How Old Does A Child Need To Be For The Child To Decide Where To Live?
We are often asked by clients to advise them how old their child needs to be for the child to decide with which parent they live. The Family Law Act 1975 does not state that there is an age when a child can determine this. Instead the Family Law Act in section 60CA requires that the paramount consideration in determining where a child is to live is the best interests of the child. The child’s wishes will be taken into account by the Court but these wishes do not ultimately decide where the child will live.
To determine the child’s best interests, the Court must consider a number of primary and additional considerations which are stated in the Family Law Act including any views expressed by the child and any factors (such as the child’s maturity or level of understanding) that the Court thinks are relevant to the weight it should give to the child’s views. The wish of a child is only one of many factors the Court considers when determining what is in the best interests of a child and the Court must look at all the factors set out in section 60CC of the Family Law Act and not just the child’s wishes.
With a teenager the Court has placed significant weight on the view that the child expresses, especially when the child is mature and able to articulate their wish and to justify that wish by explaining the basis for it. This is more so as the child matures and gains a better understanding of the living arrangements following the parents’ separation, particularly living in separate households. Prior to the High Court decision in Bondelmonte v Bondelmonte in April 2018 it was difficult for a Court to disregard the expressed wishes of older teenagers. The High Court’s decision confirms that a Court will only give limited weight or even ignore the views of a child where those views have been influenced by the parent that they are living with. Whilst the child’s expressed wish is still a relevant and important consideration which is to be taken into account by the Court, the High Court has now determined that the big picture must also be looked at in terms of how the expressed wish of the child may impact on other considerations such as the relationship with the other parent and any siblings.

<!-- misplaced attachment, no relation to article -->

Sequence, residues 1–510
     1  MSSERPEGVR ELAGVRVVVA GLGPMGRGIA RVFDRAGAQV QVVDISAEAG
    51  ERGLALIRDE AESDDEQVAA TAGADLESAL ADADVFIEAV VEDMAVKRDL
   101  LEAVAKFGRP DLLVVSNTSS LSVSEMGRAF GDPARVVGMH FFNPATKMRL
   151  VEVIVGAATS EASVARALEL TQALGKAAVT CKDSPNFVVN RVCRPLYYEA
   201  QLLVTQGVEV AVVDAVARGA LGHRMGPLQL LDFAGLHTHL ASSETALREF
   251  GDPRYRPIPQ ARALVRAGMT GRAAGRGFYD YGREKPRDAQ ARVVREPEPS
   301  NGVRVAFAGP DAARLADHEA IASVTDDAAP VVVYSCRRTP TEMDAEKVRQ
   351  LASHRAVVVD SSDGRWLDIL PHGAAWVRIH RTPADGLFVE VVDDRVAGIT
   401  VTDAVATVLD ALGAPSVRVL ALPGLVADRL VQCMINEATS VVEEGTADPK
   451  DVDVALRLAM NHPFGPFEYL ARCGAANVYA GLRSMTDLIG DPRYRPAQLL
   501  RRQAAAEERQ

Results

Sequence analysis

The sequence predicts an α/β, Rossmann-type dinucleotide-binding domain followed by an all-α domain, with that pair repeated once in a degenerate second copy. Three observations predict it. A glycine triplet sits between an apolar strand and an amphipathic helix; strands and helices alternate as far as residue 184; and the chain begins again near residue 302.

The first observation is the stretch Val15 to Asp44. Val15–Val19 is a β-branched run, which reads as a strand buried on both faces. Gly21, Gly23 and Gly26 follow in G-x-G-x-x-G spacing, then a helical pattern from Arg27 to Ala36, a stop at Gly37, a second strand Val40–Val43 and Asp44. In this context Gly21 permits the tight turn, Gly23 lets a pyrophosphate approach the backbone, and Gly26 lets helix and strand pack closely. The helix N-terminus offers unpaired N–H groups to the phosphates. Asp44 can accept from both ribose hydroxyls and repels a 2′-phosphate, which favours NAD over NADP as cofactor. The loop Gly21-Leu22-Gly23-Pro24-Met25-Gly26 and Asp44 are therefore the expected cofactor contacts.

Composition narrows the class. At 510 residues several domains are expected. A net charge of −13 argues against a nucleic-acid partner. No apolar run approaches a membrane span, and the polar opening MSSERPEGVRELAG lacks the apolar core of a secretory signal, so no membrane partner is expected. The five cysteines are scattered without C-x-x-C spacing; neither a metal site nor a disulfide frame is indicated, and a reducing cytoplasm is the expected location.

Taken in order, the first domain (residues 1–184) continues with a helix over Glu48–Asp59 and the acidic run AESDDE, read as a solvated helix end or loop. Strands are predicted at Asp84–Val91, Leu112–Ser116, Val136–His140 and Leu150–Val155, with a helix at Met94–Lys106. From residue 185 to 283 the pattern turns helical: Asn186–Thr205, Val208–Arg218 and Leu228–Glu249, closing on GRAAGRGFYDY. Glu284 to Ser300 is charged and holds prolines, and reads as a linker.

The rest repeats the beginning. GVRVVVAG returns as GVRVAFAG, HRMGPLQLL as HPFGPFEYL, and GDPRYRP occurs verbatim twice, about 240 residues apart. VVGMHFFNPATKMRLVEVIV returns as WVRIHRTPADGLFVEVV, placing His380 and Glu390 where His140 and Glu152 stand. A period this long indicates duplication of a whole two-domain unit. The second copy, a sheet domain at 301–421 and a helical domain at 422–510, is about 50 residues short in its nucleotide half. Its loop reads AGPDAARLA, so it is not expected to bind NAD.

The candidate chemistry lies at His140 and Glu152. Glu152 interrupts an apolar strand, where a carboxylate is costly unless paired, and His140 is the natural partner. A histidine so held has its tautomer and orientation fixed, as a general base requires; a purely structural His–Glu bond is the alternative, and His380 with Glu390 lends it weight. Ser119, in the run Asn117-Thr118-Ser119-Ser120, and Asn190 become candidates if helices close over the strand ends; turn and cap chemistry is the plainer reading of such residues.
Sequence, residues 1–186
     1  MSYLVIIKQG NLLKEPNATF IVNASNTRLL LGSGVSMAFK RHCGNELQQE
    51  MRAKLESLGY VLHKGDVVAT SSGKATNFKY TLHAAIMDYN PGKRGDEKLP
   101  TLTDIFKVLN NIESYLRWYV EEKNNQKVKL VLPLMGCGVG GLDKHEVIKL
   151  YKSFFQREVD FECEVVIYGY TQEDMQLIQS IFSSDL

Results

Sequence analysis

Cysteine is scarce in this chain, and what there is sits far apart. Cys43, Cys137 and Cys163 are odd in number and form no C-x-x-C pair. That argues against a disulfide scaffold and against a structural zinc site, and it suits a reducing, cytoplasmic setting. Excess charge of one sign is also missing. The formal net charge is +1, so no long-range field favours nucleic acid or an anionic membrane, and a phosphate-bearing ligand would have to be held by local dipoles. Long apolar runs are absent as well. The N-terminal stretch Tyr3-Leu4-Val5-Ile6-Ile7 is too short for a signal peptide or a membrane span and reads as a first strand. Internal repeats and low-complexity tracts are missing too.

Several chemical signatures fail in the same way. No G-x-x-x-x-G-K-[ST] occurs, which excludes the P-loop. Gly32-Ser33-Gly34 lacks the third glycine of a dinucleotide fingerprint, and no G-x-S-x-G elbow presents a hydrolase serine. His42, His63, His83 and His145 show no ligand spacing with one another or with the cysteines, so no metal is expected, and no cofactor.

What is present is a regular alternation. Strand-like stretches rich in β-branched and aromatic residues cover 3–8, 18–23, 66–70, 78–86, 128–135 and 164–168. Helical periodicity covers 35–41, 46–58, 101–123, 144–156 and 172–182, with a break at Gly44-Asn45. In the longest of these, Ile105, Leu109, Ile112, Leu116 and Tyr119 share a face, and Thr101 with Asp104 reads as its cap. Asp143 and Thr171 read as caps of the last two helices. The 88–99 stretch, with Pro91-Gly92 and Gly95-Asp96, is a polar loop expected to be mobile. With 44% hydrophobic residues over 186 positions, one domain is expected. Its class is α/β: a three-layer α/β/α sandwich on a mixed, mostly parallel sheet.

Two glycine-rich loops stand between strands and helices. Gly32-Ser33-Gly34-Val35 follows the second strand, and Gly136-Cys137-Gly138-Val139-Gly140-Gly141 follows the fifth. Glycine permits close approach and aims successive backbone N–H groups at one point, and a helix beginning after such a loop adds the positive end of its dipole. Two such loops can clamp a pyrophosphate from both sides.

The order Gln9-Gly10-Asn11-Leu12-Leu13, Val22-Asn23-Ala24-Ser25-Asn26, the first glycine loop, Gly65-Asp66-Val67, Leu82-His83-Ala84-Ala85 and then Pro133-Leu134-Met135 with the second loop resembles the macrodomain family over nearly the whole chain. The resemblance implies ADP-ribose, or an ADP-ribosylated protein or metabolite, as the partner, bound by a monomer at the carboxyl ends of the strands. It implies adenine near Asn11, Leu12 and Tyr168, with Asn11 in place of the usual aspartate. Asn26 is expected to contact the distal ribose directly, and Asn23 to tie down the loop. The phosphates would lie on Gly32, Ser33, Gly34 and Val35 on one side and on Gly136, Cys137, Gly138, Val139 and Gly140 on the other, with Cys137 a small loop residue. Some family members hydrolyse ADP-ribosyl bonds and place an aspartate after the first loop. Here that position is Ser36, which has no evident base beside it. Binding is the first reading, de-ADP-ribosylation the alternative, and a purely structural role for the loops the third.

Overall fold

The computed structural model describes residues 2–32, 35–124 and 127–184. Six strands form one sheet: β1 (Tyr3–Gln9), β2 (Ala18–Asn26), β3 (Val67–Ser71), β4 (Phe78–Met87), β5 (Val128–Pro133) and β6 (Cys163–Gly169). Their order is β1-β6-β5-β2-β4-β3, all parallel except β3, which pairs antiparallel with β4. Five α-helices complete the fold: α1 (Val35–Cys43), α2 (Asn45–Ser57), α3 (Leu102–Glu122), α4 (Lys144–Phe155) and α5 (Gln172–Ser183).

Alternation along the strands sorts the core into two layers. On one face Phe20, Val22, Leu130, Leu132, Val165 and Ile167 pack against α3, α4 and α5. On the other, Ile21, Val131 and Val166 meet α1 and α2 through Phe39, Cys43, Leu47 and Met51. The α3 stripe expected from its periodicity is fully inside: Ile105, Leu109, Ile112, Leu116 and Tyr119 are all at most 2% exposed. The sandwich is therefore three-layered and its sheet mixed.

Prior to the High Court decision in the Bondelmonte case the general view was that the Court could not make older children in family law proceedings live with a parent that they expressed a strong view that they did not wish to. The High Court ruled that two boys aged 15 years and 17 years were not allowed to live permanently overseas with their father as they wished and in making that decision the High Court looked at what was in the overall best interests of the children including the disruption to their relationship with their mother and their sister. The older boy had been living with his father for some time after his parents’ separation and the younger boy was dividing his time between the mother and father and the daughter remained living with the mother but spent weekends with the father.
This is general information only and is not legal advice. You should obtain specific legal advice regarding your specific circumstances. © Family Lawyers & Mediation Services. All rights reserved. Liability limited by a scheme approved under Professional Standards Legislation.